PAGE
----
MILAN, Jan 31 (Reuters Breakingviews) – Italy’s chaotic presidential race has ended at the starting line. After a week of high political drama, lawmakers and regional representatives on Saturday pickedincumbent Italian President Sergio Mattarella, 80, for a second seven-year term. The choice averts an implosion of the reformist executive of Premier Mario Draghi, who had hoped to ascend to the presidency.
Draghi’s bid to become head of state had made investors nervous. Mattarella had picked the former European Central Bank president last year to lead a broad coalition government focused on the pandemic emergency and on reforms linked to some 200 billion euros of European Union funds.
Removing Draghi from office risked triggering a political crisis amid soaring energy prices and a standoff between Russia and the West. Anticipating political risks, the yield difference between Italian and German 10-year government bonds widened last week to nearly 150 basis points against around 100 basis points for most of 2021.
Yet the Goldman Sachs alum failed to win the necessary political backing, even from within the ruling coalition. Meanwhile, parties were woefully unable to agree a decent successor to Mattarella, who had openly ruled out staying on. In the end, party leaders had to beg the octogenarian president, who has the power to dissolve parliament and pick prime ministers, to serve one more term.
Despite confirming the glaring ineptitude of political leaders, the outcome of the presidential race is probably the least bad option for investors. Mattarella, well-respected in Italy and abroad, will continue to guarantee the country’s faith in the single currency. This should reassure investors as the outcome of elections next year is wide open.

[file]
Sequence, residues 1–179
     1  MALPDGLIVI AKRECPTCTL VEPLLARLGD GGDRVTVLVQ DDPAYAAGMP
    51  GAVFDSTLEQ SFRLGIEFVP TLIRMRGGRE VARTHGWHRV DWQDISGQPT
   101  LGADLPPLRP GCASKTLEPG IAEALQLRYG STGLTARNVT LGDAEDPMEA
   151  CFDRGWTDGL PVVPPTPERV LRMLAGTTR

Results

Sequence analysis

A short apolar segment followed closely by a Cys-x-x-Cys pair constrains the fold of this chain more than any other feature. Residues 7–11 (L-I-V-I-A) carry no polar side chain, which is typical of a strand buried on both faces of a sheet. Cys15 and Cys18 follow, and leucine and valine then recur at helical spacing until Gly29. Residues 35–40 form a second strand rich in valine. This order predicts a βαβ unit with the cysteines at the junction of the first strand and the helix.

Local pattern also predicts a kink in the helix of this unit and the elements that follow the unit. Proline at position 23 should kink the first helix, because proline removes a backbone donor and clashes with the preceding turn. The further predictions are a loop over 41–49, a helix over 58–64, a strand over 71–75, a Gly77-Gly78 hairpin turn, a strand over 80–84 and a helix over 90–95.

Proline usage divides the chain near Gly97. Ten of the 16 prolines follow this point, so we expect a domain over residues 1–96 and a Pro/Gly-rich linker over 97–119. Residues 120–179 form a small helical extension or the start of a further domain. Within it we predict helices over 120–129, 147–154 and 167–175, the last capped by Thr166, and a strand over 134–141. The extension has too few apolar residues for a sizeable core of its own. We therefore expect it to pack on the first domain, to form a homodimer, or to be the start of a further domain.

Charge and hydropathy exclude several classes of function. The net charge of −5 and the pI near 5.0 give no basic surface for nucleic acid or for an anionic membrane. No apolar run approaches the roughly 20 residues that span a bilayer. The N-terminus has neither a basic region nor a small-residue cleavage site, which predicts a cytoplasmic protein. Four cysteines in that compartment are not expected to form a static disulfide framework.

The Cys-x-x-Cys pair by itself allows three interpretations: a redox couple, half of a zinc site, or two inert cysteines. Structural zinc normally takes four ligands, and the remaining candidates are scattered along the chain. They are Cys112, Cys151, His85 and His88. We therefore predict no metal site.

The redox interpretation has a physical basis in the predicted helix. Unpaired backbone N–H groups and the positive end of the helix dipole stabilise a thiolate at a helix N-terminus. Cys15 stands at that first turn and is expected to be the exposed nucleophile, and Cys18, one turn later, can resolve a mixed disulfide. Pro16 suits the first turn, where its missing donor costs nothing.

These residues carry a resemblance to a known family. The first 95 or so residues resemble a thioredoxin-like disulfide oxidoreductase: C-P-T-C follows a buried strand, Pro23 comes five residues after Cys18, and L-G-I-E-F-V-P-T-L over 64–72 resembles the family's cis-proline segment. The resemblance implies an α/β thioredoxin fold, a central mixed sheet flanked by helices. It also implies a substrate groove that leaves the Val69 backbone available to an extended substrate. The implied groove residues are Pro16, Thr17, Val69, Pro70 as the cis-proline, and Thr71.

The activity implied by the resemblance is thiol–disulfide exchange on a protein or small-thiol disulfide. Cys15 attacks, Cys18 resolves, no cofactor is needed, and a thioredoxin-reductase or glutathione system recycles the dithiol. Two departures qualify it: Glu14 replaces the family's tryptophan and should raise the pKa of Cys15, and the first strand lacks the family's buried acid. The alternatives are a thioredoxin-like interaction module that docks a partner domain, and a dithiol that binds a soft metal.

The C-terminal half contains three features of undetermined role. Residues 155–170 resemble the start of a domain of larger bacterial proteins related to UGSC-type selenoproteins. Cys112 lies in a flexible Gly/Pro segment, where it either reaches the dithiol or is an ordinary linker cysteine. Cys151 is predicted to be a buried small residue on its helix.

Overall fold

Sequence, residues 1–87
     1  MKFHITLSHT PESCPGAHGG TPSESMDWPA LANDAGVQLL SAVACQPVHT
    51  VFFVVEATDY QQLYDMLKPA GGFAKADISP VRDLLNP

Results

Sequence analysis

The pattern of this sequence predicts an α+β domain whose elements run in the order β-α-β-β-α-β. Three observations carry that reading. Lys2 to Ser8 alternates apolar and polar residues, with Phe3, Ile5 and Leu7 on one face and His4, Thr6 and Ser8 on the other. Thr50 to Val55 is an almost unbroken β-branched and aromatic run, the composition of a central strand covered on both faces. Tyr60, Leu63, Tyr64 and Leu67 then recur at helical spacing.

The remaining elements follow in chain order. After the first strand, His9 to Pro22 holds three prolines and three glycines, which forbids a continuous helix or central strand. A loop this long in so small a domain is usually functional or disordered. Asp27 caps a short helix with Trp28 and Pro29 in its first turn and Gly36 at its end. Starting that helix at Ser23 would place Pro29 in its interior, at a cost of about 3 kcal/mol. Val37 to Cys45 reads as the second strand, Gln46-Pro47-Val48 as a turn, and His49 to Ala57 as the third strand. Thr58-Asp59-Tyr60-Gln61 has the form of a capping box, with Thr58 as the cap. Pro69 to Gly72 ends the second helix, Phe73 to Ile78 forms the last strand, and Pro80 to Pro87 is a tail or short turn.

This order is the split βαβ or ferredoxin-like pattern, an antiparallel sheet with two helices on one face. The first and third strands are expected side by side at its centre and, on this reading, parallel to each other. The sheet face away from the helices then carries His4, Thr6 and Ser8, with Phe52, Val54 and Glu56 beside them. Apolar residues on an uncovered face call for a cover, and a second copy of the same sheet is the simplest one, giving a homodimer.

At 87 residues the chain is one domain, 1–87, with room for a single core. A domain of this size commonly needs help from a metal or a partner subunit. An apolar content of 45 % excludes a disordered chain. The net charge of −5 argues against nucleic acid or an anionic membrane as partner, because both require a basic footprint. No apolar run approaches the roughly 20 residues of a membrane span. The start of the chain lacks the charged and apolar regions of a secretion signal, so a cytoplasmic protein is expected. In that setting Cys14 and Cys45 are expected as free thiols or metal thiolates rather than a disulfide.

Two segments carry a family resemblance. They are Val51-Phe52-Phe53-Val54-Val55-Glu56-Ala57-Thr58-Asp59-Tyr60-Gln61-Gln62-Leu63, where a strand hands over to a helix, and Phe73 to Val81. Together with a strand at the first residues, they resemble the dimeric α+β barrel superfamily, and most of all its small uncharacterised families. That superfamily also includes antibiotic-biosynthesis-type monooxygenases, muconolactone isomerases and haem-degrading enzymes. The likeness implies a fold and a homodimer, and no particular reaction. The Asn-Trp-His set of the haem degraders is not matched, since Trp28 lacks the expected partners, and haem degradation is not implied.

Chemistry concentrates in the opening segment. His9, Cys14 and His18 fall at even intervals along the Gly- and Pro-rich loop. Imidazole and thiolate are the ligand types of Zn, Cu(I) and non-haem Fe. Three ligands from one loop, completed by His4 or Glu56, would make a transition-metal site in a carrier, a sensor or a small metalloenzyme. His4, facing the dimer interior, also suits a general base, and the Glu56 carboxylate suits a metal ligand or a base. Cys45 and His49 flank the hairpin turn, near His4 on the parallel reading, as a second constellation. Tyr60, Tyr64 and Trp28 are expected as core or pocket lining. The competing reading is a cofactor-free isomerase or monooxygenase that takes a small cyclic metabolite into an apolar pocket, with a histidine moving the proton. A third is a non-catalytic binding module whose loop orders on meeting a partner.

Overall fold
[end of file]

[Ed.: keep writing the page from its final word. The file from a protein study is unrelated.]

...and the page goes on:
Draghi, albeit somewhat weakened by his ill-timed presidential bid, will most likely stay in charge until the end of the legislature in 2023. He will have more time to try and complete a reform agenda aimed at boosting growth in the euro zone’s third-largest economy. He will also be in charge while EU members negotiate new fiscal rules crucial for high-debt Italy.
Give his age, Mattarella may not serve his new term in full. This may allow Draghi to try again to become president, most likely after the next electoral round.
Italy’s domestic politics remains unsurprisingly dysfunctional. Keeping the status quo offers investors some short-term cover.
– After days of negotiations, Italian lawmakers and regional delegates on Jan. 29 elected President Sergio Mattarella, 80, to a second seven-year term.
– Mattarella had previously ruled out remaining in office. But he agreed to stand for a second term given the inability of political parties to agree on an alternative candidate.
– Prime Minister Mario Draghi, who had signalled in December he was open to becoming the next president, will continue to lead a broad coalition government.
– The yield difference between Italian and German 10-year government bonds had widened to nearly 150 basis points in the run-up to the presidential vote, well above an average of around 100 basis points for most of 2021.